However if you are using the url to actually change data then i can see that you will have huge problems as you are effectively using the http GET to change database. It is usually concidered a bad idead, and not something i do.

I only use a post request to do any databse manipulation. This keeps the url clean as all the data is in the page form.

The only issue i had was to set the correct url to the page.form.action which in most cases is the raw url.

If its the category names that are causing the issue then perhaps you should restrict the names to alpha numeric characters only and swap spaces for "-". IIS will throw a wobbly with periods "." as it looks for file names.

P.S. IIS does not understand the tilde "~", this is something that the compiler understands. so if you use it in an anchor tag it will not work as expected and you should use the application root instead of the tilde.

Edit:

OK, it looks like an issue with IIS having issues with certain characters such as . / and &. Even if you do urlencode these IIS will still try to implement its own meanings. As such consider removing them so:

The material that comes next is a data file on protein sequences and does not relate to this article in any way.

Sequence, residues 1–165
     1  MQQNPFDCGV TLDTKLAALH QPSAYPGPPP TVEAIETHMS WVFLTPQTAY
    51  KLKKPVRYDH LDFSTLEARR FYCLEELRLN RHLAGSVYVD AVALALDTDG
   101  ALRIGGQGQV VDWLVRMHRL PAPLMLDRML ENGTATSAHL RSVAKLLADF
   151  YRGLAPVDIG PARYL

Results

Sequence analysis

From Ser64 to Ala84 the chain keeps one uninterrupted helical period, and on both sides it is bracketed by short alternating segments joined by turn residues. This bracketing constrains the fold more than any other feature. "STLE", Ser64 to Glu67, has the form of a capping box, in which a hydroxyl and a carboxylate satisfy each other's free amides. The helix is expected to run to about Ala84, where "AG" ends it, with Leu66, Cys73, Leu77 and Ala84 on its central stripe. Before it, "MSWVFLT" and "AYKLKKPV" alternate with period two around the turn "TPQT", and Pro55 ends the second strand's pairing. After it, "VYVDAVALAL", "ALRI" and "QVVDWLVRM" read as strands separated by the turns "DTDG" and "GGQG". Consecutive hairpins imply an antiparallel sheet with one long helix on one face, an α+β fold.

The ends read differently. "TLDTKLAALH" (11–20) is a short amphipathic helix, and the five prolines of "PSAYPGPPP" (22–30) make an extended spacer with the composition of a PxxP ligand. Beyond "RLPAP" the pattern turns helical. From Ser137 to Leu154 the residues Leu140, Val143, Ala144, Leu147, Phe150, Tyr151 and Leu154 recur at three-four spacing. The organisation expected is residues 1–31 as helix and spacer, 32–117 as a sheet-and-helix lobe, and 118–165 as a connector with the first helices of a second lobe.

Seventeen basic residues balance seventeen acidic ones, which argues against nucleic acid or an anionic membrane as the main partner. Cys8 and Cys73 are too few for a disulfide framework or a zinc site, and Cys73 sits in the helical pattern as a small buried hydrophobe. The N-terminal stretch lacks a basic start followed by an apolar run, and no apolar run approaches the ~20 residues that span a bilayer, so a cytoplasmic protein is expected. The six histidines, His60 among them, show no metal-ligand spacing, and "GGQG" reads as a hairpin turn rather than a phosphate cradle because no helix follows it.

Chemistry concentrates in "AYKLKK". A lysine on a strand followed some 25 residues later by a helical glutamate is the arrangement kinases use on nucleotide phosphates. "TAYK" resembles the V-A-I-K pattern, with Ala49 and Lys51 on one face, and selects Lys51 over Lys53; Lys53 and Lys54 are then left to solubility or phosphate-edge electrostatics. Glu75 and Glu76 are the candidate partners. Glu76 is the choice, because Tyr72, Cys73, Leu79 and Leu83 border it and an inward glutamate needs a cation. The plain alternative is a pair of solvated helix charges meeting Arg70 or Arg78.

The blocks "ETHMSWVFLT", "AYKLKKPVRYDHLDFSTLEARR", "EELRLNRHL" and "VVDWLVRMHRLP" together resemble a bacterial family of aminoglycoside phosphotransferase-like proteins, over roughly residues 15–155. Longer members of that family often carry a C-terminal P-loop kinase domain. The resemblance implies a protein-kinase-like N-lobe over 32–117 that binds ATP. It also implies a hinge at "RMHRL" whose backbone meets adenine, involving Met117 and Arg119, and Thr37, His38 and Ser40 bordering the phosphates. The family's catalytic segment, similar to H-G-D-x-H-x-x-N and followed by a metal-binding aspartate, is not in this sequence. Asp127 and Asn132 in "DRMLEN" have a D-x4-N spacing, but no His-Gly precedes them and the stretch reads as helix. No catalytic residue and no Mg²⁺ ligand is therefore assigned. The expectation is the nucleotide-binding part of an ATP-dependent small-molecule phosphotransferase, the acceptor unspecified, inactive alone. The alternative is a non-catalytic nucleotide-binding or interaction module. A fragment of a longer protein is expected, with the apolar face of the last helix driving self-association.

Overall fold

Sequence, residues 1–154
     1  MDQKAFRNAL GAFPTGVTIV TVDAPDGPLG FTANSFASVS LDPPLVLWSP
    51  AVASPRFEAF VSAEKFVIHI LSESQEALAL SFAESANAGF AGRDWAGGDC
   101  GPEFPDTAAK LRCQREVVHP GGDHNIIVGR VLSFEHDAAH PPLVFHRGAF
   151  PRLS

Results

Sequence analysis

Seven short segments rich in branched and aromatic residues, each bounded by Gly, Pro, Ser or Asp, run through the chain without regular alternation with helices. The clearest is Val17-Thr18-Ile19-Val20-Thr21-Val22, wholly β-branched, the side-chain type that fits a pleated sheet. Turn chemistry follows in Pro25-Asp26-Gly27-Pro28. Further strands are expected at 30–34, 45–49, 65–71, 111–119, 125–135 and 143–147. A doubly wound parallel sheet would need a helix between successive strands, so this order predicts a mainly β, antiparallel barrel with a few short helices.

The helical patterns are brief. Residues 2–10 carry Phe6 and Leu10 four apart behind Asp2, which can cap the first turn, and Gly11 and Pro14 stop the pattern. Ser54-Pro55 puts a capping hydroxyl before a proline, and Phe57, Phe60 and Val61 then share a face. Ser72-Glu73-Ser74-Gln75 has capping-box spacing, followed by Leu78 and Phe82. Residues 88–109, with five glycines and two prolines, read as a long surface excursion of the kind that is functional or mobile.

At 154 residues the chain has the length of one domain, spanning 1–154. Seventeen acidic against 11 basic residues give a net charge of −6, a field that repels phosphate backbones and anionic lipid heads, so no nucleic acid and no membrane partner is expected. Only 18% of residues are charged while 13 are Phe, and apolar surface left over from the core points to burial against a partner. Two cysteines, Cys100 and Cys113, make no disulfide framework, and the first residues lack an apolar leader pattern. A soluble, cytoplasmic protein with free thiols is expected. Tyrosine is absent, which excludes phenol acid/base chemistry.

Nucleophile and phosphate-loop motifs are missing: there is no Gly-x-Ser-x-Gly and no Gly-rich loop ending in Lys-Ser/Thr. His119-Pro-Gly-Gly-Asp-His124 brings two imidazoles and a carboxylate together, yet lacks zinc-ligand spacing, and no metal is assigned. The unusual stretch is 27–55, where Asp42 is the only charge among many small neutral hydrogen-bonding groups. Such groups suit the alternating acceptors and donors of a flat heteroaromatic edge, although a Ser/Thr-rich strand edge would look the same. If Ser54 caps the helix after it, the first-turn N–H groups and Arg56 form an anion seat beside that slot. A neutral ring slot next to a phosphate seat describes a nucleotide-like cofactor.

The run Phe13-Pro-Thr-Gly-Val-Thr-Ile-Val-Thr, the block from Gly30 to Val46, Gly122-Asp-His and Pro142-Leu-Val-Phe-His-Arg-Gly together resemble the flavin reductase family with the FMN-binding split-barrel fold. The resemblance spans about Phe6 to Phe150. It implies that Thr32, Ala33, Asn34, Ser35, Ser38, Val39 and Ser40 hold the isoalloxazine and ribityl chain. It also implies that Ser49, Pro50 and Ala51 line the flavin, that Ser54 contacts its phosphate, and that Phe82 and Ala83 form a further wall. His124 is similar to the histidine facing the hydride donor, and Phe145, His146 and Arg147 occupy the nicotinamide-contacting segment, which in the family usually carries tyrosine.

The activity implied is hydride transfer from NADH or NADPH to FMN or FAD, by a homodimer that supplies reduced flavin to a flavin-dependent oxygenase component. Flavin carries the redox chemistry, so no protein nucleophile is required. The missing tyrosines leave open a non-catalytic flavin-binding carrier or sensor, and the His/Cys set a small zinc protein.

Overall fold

Beverage & bar becomes BeverageBar

Pastry / decorating becomes PastryDecorating.

This will keep you urls clean, but does mean an extra column in the database so you can cheack the url against this shortened category name.

share|improve this answer
    
Sorry I should have been clearer- I am not doing any database manipulation with my URLs. My store is broken down into departments and categories. Rather than being hard coded the directory structure is built from the database. The various menus have links of the form Mystore/Department or Mystore/Department/Category that while encoded and technically correct are being broken by IIS before the request even makes it back to my httpHandler. –  Kelly Gendron Aug 17 '09 at 16:06
    
That could be the best solution. I may have just been massively over-complicating things. My only concern is that i'm going to need to be able to lookup items from the URL which could be complicated by a non-reversible method of encoding. My only other idea was to use Uri.EscapeDataString(b).Replace("%", "_") which i'm fairly sure would condemn me to programmer hell. Thank you very much for your fast responses and help on this.. I'm taking another look at my code to see if this will work. –  Kelly Gendron Aug 17 '09 at 16:43
    
Thank you very much for your help. This is one of those times where I am profoundly frustrated that I can't accept multiple answers. You pointed me in the right direction and got me back on track with this... Thank you!! –  Kelly Gendron Aug 17 '09 at 19:52

I'm having the exact same problem. Thanks for writing it up so nicely. It actually helped me to understand the problem better.

I had some other considerations however. One of the goals I have is to support the potential for any characters to be in the url which is based on the title of an article. Additionally I want to ensure uniqueness in the encoding and a two way encode / decode process.